The spreading action of the yoke, and the resultant pressure on the heatsink walls tends to push the opposed heatsinks apart; however, the apparatus further includes a number of C-clamp brackets which keep the opposed heatsinks together. In addition, each heatsink is configured with a slot which accommodates the edges of the board so that the board is not released by the apparatus as the fasteners are tightened.
Objects of the invention are to provide a heat dissipation apparatus which is efficient, easy to use and assemble, and which can accommodate components having wide-tolerance dimensions, as well as dimensions which change over time due to material creep. Features of the invention are two opposed heatsinks which are pressed into thermal contact with the heat transfer surfaces of the components by means of the pressing fastener. One advantage of the invention is that it affords an easy to manufacture and assemble heat dissipation system. Another advantage is that due to the adjustable nature of the fastener, the invention will accommodate components with wide-tolerance dimensions, and will accommodate the creep of the component cases.
Other objects, features, and advantages of the invention will be further appreciated and better understood upon consideration of the following detailed description of the preferred embodiment, presented in conjunction with the accompanying drawings.
FIG. 1 is an exploded, isometric view of an embodiment of the invention, showing the heat dissipation apparatus along with a printed circuit board on which a number of components have been mounted.
FIG. 2 is an isometric view of the embodiment of the invention shown in FIG. 1; however, the apparatus has been I0 assembled together with the board and components.
FIG. 3 is a side sectioned view of the embodiment of the invention shown in FIG. 2, the apparatus, board, and components having been sectioned by a plane running through the line 3--3 shown on FIG. 2.
Referring to FIG. 1, an isometric, exploded view of one embodiment of the heat dissipation apparatus of the present invention is shown and generally designated 20. In this illustration, an electronic system, such as a high power-density DC-to-DC converter for example, is comprised of a base, such as a printed circuit board 22, and a plurality of electronic components 24, 26, such as transistors, transformers, inductors, and rectifiers, which are mounted and electrically coupled to board 22 through leads 30. The exact type of components 24, 26 is not critical to the invention; however, components 24, 26 are electronic devices which generate heat during operation, and therefore need to be cooled.
In the particular embodiment shown in FIG. 1, some of the components 24 are relatively small, and are therefore arranged on board 22 with a like sized component so that the two components 24 form a component pair, with the paired components 24 being separated by space 32. In FIG. 1, there are three component pairs; however, th®number of pairs can vary depending upon the configuration of the system to which an embodiment of the invention is applied.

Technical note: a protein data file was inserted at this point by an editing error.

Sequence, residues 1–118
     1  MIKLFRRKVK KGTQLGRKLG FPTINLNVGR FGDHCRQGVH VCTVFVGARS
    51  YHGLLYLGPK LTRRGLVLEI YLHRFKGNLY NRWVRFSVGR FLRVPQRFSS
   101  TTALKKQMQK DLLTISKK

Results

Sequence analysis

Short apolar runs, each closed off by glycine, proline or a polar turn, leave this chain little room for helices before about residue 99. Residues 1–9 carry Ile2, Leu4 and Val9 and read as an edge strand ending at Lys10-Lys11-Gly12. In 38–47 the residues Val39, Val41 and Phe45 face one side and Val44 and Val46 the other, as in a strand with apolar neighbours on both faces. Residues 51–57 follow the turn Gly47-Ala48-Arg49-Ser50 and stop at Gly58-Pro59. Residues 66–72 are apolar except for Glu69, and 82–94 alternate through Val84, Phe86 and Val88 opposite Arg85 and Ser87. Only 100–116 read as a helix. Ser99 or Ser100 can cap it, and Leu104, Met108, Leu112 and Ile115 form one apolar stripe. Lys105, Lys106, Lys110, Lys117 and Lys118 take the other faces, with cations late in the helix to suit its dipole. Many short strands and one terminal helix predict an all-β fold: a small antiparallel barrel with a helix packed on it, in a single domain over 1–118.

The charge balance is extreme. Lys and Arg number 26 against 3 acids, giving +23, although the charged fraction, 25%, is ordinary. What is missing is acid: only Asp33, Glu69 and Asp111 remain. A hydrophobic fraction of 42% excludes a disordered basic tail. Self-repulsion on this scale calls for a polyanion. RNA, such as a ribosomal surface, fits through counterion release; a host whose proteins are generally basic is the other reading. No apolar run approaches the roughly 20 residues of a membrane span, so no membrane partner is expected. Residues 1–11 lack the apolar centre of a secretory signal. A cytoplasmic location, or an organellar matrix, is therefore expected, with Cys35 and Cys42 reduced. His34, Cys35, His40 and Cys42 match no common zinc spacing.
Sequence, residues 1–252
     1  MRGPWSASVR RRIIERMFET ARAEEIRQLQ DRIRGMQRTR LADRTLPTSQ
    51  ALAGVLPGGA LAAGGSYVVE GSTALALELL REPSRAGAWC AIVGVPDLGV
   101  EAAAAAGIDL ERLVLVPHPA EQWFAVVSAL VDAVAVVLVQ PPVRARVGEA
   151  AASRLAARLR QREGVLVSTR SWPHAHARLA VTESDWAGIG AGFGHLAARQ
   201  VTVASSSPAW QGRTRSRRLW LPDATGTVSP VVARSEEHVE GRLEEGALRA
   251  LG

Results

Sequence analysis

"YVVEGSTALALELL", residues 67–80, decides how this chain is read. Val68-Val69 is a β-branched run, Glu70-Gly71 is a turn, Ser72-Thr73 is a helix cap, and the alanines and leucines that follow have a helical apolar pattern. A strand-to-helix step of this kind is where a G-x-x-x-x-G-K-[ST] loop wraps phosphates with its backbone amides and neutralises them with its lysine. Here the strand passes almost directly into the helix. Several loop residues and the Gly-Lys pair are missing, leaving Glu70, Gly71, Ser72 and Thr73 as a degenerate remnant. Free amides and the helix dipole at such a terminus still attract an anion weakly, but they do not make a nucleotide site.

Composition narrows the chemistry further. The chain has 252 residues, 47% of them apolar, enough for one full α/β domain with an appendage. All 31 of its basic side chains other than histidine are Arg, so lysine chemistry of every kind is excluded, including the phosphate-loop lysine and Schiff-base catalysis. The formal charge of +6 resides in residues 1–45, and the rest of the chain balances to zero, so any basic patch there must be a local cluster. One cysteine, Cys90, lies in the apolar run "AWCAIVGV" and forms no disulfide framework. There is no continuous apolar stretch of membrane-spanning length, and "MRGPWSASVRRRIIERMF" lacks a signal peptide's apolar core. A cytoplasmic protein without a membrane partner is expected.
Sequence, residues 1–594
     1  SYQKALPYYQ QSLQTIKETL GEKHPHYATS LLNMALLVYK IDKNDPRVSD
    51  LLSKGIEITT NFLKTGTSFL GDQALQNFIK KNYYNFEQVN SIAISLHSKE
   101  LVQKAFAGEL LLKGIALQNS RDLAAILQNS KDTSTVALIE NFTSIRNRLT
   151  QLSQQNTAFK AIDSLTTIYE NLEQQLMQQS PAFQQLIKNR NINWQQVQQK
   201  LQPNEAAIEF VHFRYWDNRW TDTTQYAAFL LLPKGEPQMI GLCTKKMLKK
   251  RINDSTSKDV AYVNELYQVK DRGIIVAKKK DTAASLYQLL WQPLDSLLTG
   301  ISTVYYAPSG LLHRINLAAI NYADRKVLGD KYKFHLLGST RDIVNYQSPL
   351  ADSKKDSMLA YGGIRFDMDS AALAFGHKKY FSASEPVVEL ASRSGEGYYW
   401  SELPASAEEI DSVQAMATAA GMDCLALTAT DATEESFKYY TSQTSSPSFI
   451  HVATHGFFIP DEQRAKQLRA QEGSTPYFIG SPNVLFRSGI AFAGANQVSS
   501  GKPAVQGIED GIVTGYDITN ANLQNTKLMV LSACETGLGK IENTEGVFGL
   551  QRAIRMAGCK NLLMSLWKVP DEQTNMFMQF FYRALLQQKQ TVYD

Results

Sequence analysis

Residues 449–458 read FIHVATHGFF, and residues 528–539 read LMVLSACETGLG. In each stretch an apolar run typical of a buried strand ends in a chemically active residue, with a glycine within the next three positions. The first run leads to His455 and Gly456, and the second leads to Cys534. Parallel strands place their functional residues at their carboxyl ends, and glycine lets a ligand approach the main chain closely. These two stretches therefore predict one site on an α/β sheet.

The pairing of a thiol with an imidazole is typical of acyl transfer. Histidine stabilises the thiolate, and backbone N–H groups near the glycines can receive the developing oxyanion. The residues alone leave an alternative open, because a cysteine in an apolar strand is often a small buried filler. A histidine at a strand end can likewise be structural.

Components 24 are said to be "like sized" because although they may in fact be the same component electrically, but supplied by different vendors, it is inevitable that there will be some variation in the physical size of the component cases simply due to the dimension tolerances which are designed into the manufacturing process by which components 24 are made. As will be detailed below, the apparatus of the present invention is designed to accommodate such size differences.
Each component 24 respectively has at least one, planar, heat-transfer surface, which is perpendicular to the plane defined by board 22. With respect to those components 26 that are too large to be arranged in a component pair, each such component 26 has at least one, and typically two, planar heat transfer surfaces. The paired components 24 which are separated by space 32 are positioned on board 22 such that the respective, heat transfer surfaces of each component 24 is in the same plane as the corresponding heat transfer surface of the larger component 26.
In other words, the size of components 24 selected for use on board 22 and the dimension of space 32 separating components 24 are factored together to ensure that all of the external, heat transfer surfaces of components 24, 26 generally define two, parallel planes, A and B. In addition, the planes formed by planar surfaces A and B are also parallel with and symmetric to an imaginary plane, which symmetrically divides board 22 and components 24, 26 by perpendicularly cutting the plane formed by board 22.